This week on Everywoman, we devote the programme to the story of Asya Abu-Amar, a Bedouin woman living in Israel
|Asya is a 28-year-old Bedouin woman who lives with|
her eight children in Rahat, Israel
Bedouins, Arabic for 'desert-dweller', are found throughout most of the desert belt from the Saharan Atlantic coast through the Sinai, Negev and into Arabia.
They are traditionally a nomadic people.
Asya, a 28-year-old Bedouin woman, lives with her eight children in the Bedouin city of Rahat, inside Israel.
Her arranged marriage at the age of 14 to a man she had never met before ended in divorce six years ago. He was a drug-addict and a wife-beater.
After she was seriously injured he was jailed for four years for attempted murder.
Asya and her children then moved out of the family home and were, until recently, surviving nearby in a tin bungalow.
During the period of filming, the local council demolished their home because it had no planning permission. She then had no choice but to up and move into a former chicken shack at the bottom of her parents' yard.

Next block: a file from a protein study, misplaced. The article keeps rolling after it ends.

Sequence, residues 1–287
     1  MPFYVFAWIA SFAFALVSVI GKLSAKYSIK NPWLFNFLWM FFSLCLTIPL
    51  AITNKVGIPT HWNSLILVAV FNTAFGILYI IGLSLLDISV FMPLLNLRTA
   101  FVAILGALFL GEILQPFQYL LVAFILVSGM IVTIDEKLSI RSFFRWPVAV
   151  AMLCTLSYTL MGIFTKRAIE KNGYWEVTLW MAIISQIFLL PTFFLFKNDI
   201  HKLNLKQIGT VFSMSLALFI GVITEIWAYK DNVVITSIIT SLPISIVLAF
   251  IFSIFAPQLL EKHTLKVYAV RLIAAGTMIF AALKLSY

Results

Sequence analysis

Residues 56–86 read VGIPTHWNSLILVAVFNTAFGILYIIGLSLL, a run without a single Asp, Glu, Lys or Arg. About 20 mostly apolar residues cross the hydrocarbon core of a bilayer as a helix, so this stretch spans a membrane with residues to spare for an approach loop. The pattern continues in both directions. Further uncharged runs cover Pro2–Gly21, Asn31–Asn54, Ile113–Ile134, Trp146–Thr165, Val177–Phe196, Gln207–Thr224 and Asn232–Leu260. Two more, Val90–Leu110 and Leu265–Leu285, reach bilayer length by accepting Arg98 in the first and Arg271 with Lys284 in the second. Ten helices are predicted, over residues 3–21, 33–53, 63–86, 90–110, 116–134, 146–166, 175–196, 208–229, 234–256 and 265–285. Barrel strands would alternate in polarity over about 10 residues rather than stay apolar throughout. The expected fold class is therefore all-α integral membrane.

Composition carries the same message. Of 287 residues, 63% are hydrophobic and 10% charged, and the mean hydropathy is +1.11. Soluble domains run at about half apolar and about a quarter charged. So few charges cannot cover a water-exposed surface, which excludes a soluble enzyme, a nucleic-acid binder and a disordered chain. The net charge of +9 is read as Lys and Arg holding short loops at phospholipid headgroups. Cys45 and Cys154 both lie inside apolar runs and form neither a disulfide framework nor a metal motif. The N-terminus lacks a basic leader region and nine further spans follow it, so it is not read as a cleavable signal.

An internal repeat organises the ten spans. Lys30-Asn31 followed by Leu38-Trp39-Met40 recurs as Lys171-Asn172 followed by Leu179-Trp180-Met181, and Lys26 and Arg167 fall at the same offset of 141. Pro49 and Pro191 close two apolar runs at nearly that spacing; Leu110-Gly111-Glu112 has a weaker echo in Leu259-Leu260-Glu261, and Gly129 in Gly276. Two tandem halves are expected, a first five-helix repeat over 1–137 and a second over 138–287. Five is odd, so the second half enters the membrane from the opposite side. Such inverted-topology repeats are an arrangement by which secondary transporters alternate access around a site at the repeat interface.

Her ex-husband, who was released from prison late last year, often comes to the house to take the children out, even though they are afraid of him.
There is often strife and we see this in the film as her mother is beaten to the ground and her ex-husband flees the scene.
His visitation rights are upheld by traditional Bedouin law. Indeed, under normal circumstances, he has the right to keep all of the children.
Asya, like many other Bedouin women, is caught between traditions and surviving in the modern world surrounded by an unsympathetic community and a confused family.
To talk about the issues raised in the film, Shiulie is joined from Bersheeba by Sarab Abu Rabiya-Queder, a researcher on Bedouin issues and the author of Excluded and Loved: life stories of pioneer Bedouin women in higher education.
This episode of Everywoman airs from Friday, June 20, 2008
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Source: Al Jazeera